Systematic identification and characterization of bedforms from bathymetric data are crucial in many studies of fluvial processes. Automated and accurate processing of bed elevation data is challenging where dune fields are complex or irregular and (especially) where multiple scales co-exist. Here, we introduce a new tool to quantify dune properties from bathymetric data representing large primary and smaller superimposed secondary dunes. A first step in the procedure is to decompose the bathymetric data using a LOESS algorithm. Steep lee-side slopes of primary dunes are preserved by implementing objective breaks in the algorithm, accounting for discontinuities in the bed elevation profiles at the toe of the lee-side slope. The steep lee slopes are then approximated by fitting a sigmoid function. Following the decomposition of the bathymetric data, bedforms are identified based on a zero crossing, and morphological properties are calculated. The approach to bedform decomposition presented herein is particularly applicable where secondary dunes are large and filtering using conventional continuously differentiable functions could thus easily lead to undesired smoothing of the primary morphology. Application of the tool to two bathymetric maps demonstrates that it successfully decomposes bathymetric data, identifies primary and secondary dunes, and preserves steeper lee-side slopes of primary dunes.

Dunes are rhythmic features that develop at the interface of a flow field and a mobile bed. In fluvial environments, dunes play an important role in various flow and transport processes on multiple scales. Flow separation downstream of steep dunes opposes the mean flow, increasing hydraulic roughness

Systematic identification and characterization of dunes from bed elevation scans greatly aid these research efforts. Examples are field and flume studies that investigate the development of dunes under a range of conditions

In fluvial systems, two scales of dunes often co-exist: larger, primary dunes and small, secondary dunes that are superimposed on the primary dunes. The secondary bedforms have long been considered an attribute of primary dunes, converting simple dunes into compound dunes

Various methods to quantify dune morphology have been developed

In this study we develop a new tool to quantify bedform characteristics from bathymetric data representing multiple scales. The initial bedform identification is based on a zero crossing after decomposition of the bathymetric data. A LOESS (locally estimated scatter plot smoothing) algorithm is used to fit the irregular larger-scale morphology, including the primary dunes. LOESS regression is a nonparametric technique that uses local weighted regression to fit a smooth curve through points in a scatter plot. The approach differs from previous methods

The first step in the procedure is to decompose bed elevation profiles (BEPs) into a signal representing secondary bedforms and the remainder, which includes the primary dunes. This step builds on the previously described method to decompose bed elevation profiles by

A LOESS curve is fitted to the data to separate the secondary bedforms from the underlying morphology

By fitting the LOESS curve, each optimized value is given by a weighted quadratic least-squares regression to a local subset of the data. Thus, for each grid point in a bed elevation profile (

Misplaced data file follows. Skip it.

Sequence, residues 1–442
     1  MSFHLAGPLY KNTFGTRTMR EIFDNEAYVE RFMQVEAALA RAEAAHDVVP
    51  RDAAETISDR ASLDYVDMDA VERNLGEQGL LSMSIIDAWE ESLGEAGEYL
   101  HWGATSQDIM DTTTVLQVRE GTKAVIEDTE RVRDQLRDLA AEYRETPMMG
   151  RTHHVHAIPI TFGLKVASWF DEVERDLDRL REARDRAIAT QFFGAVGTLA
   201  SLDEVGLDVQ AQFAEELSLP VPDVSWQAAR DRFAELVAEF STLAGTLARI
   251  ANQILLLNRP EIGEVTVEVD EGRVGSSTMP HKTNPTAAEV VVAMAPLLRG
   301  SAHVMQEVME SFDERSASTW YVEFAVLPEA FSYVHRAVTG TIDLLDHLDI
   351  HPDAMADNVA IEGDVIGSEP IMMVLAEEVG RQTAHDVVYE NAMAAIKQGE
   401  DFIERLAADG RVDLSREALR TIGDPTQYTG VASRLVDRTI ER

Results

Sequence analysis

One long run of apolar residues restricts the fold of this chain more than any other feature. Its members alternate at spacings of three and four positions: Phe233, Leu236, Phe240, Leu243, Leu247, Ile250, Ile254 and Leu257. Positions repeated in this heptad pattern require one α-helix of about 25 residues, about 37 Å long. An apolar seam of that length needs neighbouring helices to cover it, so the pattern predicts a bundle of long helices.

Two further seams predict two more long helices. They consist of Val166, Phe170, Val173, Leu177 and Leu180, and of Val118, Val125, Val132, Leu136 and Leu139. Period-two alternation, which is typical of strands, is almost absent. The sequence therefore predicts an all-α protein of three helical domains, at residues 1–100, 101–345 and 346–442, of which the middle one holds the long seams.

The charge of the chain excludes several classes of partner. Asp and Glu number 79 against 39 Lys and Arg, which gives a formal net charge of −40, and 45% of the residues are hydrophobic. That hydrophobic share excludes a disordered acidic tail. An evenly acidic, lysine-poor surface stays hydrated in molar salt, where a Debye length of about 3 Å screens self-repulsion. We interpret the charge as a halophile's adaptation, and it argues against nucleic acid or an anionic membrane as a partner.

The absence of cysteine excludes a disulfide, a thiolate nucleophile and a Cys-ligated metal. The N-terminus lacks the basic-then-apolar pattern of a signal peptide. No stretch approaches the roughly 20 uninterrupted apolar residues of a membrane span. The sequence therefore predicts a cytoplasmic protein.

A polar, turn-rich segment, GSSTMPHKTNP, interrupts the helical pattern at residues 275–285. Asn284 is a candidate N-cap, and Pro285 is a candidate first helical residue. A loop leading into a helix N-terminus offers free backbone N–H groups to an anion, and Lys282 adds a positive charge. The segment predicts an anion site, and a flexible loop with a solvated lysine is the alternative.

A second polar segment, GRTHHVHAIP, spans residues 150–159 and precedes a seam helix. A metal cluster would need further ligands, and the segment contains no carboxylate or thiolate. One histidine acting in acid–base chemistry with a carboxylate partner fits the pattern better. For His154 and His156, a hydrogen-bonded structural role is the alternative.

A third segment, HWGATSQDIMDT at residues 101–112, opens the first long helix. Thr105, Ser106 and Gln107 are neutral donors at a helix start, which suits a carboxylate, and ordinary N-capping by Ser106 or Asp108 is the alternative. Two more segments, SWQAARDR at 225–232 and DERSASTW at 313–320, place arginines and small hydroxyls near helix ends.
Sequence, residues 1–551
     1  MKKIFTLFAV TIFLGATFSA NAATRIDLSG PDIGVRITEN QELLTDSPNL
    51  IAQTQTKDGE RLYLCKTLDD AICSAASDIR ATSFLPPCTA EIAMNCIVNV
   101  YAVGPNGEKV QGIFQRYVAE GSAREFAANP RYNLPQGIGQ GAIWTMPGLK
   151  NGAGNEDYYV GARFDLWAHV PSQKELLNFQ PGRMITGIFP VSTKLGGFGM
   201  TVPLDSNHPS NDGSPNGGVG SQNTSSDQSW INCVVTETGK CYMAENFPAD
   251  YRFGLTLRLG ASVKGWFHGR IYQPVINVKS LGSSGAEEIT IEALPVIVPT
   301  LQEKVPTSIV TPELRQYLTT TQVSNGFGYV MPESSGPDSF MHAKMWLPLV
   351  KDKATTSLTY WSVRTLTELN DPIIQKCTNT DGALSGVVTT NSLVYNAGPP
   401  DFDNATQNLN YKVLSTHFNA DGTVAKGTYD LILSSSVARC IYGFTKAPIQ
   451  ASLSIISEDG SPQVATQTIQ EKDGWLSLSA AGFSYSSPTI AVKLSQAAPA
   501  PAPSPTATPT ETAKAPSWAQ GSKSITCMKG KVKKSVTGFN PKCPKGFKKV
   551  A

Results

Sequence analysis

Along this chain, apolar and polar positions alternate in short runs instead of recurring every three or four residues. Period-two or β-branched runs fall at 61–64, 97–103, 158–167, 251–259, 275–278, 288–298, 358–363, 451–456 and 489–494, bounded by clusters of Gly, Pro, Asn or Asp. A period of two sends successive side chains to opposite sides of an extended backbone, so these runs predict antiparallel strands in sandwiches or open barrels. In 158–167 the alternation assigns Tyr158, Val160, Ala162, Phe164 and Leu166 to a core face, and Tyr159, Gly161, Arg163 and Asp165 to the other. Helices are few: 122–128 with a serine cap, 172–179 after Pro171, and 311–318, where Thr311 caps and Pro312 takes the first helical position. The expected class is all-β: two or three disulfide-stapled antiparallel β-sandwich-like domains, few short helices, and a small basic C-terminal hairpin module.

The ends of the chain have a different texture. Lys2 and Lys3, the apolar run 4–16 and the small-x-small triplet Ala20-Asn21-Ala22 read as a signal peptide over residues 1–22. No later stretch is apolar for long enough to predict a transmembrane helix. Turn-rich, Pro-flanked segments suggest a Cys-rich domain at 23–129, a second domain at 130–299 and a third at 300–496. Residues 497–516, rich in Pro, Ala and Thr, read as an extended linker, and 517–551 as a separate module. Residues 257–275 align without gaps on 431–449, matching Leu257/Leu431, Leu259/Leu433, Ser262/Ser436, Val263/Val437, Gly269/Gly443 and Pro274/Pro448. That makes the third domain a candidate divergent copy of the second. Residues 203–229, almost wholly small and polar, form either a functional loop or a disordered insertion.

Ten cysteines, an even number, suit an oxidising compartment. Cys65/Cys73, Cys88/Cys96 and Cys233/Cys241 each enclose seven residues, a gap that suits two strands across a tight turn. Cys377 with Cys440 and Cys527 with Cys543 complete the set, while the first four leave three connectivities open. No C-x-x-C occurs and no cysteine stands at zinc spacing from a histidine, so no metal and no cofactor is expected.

The sigmoid function that is fitted to dune lee sides is defined as

Schematic overview of the tool.

The bed elevation data series is decomposed based on both the LOESS curve and fitting of the steep primary lee sides with a sigmoid function fit. Data are input as (curvilinear) grids. The methodology is applied per bed elevation profile (BEP). The subsequent steps are as follows.

An initial LOESS curve is fitted to the BEP (Fig.

Based on the initial LOESS curve, crest and trough locations of primary dunes are identified. If the maximum lee-side slope in the LOESS curve is larger than a specified value (default: 0.03 m m

If there are breaks in a BEP, the exact locations of these breaks are updated in the following steps. First, the local minimum of the bed elevation data is found within a specified window upstream of the previous breakpoint. Subsequently, the breakpoint location is updated if the slope to an upstream location within the window is lower than the cutoff slope (Fig.

A LOESS curve is fitted up to the first break. Following this, the sigmoid function is fitted at the primary lee side upstream of the break, with initial values of

A short LOESS curve is fitted to the data between the previous LOESS curve and the sigmoid function fit. The fit is forced to connect to the LOESS curve and sigmoid fit by artificially adding data points (Fig.

Steps 4 and 5 are then repeated (Fig.

The identification of both primary and secondary bedforms is based on the decomposed bed elevation signals. The characterization of bedforms includes the following properties: height, length, depth, trough and crest locations, lee-side slope, maximum lee-side slope, stoss-side slope, and aspect ratio.

Secondary bedform identification is based on a zero crossing applied to the decomposed bed elevation signal (

The identification and characterization of primary bedforms is similar to that of secondary bedforms. A zero crossing is based on the decomposed signal, excluding secondary bedforms, and a base level. The latter can be computed as a moving average (4 to 5 times the dune length), a smoothed LOESS curve, or a time average of the local riverbed, depending on data availability. Here, we compute the base level as a moving average. Primary dunes are identified, iterating once. If a primary dune height is smaller than 0.25 m, corresponding up and down crossings are removed and new minima and maxima are found. Properties are subsequently determined similar to secondary bedforms. The maximum lee slope is defined as the maximum slope of a grid cell between the crest and the downstream trough. If the primary lee side is fitted using the sigmoid function, the maximum slope is determined based on values corresponding to the fitted function only.